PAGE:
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The Last of the Mohicans
James Fenimore Cooper
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"They fought, like brave men, long and well, They piled that ground with Moslem slain,
They conquered--but Bozzaris fell, Bleeding at every vein. His few surviving comrades
saw His smile when rang their loud hurrah, And the red field was won; Then saw in death
his eyelids close Calmly, as to a night's repose, Like flowers at set of sun."--Halleck
The sun found the Lenape, on the succeeding day, a nation of mourners. The sounds of
the battle were over, and they had fed fat their ancient grudge, and had avenged their
recent quarrel with the Mengwe, by the destruction of a whole community. The black and
murky atmosphere that floated around the spot where the Hurons had encamped,
sufficiently announced of itself, the fate of that wandering tribe; while hundreds of
ravens, that struggled above the summits of the mountains, or swept, in noisy flocks,
across the wide ranges of the woods, furnished a frightful direction to the scene of the
combat. In short, any eye at all practised in the signs of a frontier warfare might easily
have traced all those unerring evidences of the ruthless results which attend an Indian
Still, the sun rose on the Lenape a nation of mourners. No shouts of success, no songs of
triumph, were heard, in rejoicings for their victory. The latest straggler had returned from
his fell employment, only to strip himself of the terrific emblems of his bloody calling,
and to join in the lamentations of his countrymen, as a stricken people. Pride and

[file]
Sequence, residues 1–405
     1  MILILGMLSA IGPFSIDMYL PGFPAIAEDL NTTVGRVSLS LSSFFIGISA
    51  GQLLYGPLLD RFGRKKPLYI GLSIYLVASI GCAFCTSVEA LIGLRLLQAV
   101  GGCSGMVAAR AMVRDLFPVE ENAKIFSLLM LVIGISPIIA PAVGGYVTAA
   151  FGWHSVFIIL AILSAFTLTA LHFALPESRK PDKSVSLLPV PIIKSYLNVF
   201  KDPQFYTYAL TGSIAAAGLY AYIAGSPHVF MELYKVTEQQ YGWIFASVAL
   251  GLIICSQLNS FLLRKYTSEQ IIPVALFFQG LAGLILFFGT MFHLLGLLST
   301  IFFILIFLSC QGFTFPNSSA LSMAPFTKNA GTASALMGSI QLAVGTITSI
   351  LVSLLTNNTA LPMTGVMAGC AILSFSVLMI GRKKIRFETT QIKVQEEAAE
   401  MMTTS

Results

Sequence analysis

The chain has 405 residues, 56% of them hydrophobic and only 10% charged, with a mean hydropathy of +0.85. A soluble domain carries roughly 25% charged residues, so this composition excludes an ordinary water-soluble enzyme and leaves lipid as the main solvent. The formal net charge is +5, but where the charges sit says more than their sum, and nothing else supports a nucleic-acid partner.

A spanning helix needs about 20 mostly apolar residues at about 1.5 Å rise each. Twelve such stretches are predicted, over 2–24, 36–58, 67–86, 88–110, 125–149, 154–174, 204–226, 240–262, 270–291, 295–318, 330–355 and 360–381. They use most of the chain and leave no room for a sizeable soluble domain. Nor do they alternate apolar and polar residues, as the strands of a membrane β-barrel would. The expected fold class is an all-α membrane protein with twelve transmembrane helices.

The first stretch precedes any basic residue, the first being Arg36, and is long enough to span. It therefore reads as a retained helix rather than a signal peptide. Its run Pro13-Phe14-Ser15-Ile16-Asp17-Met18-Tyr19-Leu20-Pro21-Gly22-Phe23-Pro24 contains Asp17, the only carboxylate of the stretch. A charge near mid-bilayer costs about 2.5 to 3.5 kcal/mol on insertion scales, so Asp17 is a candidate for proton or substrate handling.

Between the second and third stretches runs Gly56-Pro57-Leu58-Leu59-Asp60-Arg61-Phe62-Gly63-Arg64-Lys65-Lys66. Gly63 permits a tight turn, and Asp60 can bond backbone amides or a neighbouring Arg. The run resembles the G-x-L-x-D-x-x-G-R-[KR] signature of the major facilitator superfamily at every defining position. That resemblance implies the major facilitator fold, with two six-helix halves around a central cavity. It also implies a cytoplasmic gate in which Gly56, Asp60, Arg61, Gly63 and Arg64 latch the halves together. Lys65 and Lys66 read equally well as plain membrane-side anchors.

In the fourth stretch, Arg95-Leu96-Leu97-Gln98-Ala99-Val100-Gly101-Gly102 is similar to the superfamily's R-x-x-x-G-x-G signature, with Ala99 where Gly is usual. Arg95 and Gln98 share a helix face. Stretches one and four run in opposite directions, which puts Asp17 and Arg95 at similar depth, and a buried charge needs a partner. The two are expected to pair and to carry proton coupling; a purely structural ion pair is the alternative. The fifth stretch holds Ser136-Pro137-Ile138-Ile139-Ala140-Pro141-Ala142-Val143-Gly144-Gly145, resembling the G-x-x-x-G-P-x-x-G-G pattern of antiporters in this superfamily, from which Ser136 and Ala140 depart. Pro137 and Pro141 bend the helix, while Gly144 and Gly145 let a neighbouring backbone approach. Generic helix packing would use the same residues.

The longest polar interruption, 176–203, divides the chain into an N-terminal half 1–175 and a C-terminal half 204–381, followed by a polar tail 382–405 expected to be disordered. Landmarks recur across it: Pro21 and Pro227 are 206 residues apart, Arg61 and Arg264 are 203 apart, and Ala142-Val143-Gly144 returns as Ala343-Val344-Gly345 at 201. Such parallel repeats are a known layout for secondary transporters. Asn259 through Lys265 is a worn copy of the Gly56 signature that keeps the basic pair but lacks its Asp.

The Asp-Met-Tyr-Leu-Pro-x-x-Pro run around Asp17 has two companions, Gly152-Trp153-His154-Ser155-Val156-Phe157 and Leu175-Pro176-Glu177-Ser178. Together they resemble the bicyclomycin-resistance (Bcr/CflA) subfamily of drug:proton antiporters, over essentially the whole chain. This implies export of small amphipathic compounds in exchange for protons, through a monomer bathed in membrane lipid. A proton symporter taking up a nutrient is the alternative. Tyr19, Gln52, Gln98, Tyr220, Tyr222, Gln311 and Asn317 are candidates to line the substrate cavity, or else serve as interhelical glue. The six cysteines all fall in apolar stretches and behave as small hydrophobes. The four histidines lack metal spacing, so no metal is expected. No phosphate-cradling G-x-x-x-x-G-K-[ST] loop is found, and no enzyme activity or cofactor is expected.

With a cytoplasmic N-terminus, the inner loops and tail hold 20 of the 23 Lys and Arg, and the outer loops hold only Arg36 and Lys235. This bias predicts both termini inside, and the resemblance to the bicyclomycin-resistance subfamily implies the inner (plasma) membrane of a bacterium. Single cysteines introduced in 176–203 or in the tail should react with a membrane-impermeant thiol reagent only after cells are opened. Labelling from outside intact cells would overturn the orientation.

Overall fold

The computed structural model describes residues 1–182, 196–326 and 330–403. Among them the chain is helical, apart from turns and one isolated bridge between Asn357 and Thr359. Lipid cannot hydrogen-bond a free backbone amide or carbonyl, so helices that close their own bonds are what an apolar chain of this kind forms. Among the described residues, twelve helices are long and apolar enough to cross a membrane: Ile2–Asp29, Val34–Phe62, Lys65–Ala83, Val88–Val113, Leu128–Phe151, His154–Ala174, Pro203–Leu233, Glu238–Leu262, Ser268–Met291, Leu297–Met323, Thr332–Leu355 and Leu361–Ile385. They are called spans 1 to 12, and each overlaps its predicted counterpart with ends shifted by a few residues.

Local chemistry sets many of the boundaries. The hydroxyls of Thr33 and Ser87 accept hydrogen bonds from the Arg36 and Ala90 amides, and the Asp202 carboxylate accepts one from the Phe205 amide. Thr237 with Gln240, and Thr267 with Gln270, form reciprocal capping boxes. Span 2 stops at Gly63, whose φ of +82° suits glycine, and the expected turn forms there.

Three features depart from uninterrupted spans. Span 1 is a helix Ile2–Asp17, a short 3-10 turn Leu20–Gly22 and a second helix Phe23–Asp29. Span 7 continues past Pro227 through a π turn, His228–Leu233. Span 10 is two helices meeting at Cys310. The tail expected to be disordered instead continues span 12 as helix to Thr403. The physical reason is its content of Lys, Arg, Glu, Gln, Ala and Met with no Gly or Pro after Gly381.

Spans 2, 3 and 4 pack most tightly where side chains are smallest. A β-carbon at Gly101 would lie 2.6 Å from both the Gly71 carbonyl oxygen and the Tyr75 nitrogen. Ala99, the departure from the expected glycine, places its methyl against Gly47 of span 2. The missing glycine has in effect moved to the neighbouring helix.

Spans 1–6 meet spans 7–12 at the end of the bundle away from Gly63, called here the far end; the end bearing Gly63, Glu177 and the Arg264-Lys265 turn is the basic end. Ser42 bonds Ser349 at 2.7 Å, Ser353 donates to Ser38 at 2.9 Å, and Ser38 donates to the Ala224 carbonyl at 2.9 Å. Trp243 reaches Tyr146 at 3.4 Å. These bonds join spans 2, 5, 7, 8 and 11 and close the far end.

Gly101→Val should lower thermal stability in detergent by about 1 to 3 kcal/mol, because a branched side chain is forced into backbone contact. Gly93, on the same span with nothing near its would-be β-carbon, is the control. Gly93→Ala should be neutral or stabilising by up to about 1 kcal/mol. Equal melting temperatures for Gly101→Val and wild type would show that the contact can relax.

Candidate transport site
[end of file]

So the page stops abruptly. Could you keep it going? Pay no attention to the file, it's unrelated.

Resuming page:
exultation were supplanted by humility, and the fiercest of human passions was already
succeeded by the most profound and unequivocal demonstrations of grief.
The lodges were deserted; but a broad belt of earnest faces encircled a spot in their
vicinity, whither everything possessing life had repaired, and where all were now
collected, in deep and awful silence. Though beings of every rank and age, of both sexes,
and of all pursuits, had united to form this breathing wall of bodies, they were influenced
by a single emotion. Each eye was riveted on the center of that ring, which contained the
objects of so much and of so common an interest.
Six Delaware girls, with their long, dark, flowing tresses falling loosely across their
bosoms, stood apart, and only gave proof of their existence as they occasionally strewed
sweet-scented herbs and forest flowers on a litter of fragrant plants that, under a pall of
Indian robes, supported all that now remained of the ardent, high-souled, and generous
Cora. Her form was concealed in many wrappers of the same simple manufacture, and
her face was shut forever from the gaze of men. At her feet was seated the desolate
Munro. His aged head was bowed nearly to the earth, in compelled submission to the
stroke of Providence; but a hidden anguish struggled about his furrowed brow, that was
only partially concealed by the careless locks of gray that had fallen, neglected, on his
temples. Gamut stood at his side, his meek head bared to the rays of the sun, while his
eyes, wandering and concerned, seemed to be equally divided between that little volume,
which contained so many quaint but holy maxims, and the being in whose behalf his soul
yearned to administer consolation. Heyward was also nigh, supporting himself against a